The TV star is now legally called Hugo Boss, in response to the German designer using trademark claims to target small businesses and charities which use “Boss” in their branding.
He said he had been surprised at the response to his decision since announcing it on Sunday.
He had posted a letter on Twitter purporting to be from the UK Deed Poll Office, which committed him to “absolutely and entirely renounce, relinquish and abandon the use of my said former name”.
His move brought a lot of attention, and he became a trending topic on Twitter.
Appearing on BBC Two’s Victoria Derbyshire, where the host referred to him by his new name, the comic said: “Thank you for calling me Hugo Boss, I’m going to have to get used to it.”
He showed off his BBC visitor pass, which had a picture of him with his new name and added: “I’m now legally Hugo Boss, according to the BBC system.”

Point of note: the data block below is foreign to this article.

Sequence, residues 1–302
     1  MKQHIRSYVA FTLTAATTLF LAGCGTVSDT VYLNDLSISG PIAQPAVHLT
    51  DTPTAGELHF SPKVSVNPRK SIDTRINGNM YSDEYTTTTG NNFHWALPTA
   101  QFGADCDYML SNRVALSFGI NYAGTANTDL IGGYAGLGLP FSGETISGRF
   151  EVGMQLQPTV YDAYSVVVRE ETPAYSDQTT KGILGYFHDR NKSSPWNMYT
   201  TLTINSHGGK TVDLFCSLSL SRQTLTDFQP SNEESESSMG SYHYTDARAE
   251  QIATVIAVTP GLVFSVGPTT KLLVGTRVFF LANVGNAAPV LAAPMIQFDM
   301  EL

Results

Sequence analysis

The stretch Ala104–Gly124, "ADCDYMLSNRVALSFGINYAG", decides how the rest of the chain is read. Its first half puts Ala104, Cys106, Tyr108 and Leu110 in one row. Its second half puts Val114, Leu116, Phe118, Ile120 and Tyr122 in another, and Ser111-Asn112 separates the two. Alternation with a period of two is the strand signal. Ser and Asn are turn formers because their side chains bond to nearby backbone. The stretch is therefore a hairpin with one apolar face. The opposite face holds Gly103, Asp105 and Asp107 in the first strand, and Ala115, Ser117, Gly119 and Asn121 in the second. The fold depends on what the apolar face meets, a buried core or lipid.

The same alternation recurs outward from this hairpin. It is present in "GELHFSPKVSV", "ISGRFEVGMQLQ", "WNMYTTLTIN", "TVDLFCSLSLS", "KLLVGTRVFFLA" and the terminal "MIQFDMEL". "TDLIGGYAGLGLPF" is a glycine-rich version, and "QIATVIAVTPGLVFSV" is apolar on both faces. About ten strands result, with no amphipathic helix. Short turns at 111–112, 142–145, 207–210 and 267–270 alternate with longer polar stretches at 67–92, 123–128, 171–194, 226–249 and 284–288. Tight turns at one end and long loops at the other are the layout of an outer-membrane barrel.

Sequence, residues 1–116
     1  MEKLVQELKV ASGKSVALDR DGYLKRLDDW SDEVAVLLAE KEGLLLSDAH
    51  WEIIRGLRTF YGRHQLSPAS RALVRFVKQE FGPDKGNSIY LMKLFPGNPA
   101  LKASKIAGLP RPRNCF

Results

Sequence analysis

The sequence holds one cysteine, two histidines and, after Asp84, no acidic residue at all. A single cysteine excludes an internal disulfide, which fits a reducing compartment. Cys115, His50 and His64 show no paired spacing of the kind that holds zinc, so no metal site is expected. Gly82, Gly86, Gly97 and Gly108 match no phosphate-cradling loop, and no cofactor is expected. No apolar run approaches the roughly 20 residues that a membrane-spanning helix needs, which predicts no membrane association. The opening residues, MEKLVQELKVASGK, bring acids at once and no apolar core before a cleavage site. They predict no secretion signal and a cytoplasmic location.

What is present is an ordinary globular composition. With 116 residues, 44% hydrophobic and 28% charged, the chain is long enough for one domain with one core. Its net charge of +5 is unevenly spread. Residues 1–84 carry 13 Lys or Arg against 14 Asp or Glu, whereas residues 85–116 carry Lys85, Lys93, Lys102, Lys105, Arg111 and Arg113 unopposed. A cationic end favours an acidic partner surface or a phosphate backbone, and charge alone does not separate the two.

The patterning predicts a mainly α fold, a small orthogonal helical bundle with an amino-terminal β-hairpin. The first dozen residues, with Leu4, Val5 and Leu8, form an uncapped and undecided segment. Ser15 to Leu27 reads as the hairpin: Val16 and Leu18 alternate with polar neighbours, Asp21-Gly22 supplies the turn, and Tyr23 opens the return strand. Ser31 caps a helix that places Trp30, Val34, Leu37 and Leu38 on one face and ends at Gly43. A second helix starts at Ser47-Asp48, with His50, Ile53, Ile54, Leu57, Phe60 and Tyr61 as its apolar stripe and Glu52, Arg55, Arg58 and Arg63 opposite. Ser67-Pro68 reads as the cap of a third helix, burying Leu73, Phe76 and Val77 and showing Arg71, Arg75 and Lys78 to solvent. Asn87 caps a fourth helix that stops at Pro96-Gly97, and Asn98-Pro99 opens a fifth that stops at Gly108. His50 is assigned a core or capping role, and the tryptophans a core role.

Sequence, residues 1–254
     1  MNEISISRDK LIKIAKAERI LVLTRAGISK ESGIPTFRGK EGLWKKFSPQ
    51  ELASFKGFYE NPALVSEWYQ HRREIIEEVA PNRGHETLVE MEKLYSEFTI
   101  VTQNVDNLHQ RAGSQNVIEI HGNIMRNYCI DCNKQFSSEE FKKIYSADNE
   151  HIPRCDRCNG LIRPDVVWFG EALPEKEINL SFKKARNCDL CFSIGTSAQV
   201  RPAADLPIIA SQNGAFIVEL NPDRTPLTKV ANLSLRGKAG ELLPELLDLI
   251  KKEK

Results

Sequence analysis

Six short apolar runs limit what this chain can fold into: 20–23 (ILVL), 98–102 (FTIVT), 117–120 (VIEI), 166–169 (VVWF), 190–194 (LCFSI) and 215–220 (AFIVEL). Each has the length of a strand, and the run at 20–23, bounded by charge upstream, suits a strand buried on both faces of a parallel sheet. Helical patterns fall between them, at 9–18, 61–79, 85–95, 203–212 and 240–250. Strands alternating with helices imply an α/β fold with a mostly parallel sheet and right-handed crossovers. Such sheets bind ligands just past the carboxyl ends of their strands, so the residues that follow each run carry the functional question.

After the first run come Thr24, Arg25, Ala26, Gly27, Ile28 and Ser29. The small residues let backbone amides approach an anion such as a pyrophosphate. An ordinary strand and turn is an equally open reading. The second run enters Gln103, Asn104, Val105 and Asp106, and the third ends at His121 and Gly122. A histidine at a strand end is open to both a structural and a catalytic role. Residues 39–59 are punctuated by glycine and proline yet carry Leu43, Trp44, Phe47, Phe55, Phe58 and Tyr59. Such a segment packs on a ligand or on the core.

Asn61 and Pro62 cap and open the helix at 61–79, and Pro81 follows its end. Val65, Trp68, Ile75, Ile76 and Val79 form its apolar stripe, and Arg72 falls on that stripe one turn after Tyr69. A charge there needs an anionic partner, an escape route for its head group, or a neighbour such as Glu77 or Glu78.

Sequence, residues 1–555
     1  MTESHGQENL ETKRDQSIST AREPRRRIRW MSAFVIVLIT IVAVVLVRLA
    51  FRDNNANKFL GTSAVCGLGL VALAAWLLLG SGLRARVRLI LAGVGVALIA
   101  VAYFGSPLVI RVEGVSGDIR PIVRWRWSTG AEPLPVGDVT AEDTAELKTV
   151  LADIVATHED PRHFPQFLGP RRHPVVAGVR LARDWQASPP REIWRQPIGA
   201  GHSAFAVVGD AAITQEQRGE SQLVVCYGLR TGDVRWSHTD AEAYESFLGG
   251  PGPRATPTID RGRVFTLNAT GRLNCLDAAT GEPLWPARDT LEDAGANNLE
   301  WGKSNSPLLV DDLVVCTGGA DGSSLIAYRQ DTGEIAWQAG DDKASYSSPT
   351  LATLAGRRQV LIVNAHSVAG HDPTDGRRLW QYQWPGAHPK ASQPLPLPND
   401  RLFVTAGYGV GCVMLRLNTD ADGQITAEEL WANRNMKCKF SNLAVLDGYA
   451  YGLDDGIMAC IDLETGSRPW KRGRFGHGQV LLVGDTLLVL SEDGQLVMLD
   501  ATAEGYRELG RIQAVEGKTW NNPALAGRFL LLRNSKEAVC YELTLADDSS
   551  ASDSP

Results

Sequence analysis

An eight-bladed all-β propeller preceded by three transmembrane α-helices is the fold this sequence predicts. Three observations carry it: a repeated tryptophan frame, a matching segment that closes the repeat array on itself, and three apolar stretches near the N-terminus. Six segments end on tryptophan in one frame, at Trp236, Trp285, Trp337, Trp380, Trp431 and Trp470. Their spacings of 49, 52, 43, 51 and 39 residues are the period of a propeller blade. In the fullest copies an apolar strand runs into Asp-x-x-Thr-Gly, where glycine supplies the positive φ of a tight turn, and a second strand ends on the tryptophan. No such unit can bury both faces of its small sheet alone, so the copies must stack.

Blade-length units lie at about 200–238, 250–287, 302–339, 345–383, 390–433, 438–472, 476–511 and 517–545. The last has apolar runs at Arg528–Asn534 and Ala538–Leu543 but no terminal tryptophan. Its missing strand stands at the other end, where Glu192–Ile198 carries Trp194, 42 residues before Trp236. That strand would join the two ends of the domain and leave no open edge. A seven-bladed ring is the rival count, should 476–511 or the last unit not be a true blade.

Explaining his decision, he said: “ Hugo Boss is also a company, and there’s a small company called Boss Brewing in Swansea, who are a little new business, and they tried to make a trademark for a couple of their beers and Hugo Boss sent them a cease and desist letter, which is a legal letter that says stop doing what they think is alleged illegal activity.
“It’s a massive company taking on a little company and it’s just not fair. Nobody’s going to confuse a beer with Hugo Boss.
“I don’t think I’d splash myself with Heineken in the morning on my neck... So they clearly don’t like their name being used, they’ve sent dozens of these to small businesses and charities.” He added: “I changed my name by deed poll and I didn’t expect the reaction... I was in the bath about an hour ago.
“I’ve legally changed my name and it’s a headache, I’ve got to tell you, there’s so many things you have to do.”
He said he would be launching a new product as Hugo Boss and it will be revealed on his TV show, adding: “Which I suppose has to be rebranded now because it was called Joe Lycett’s Got Your Back, but it’ll have to be Hugo Boss Has Got Your Back.”
According to WalesOnline, Boss Brewing was left with legal fees totalling about £10,000 last year after the fashion brand sent it a cease and desist letter when the brewer tried to register its brand.
In 2018, the i paper reported that a charity called DarkGirlBoss received a legal letter from Hugo Boss when it tried to trademark the name.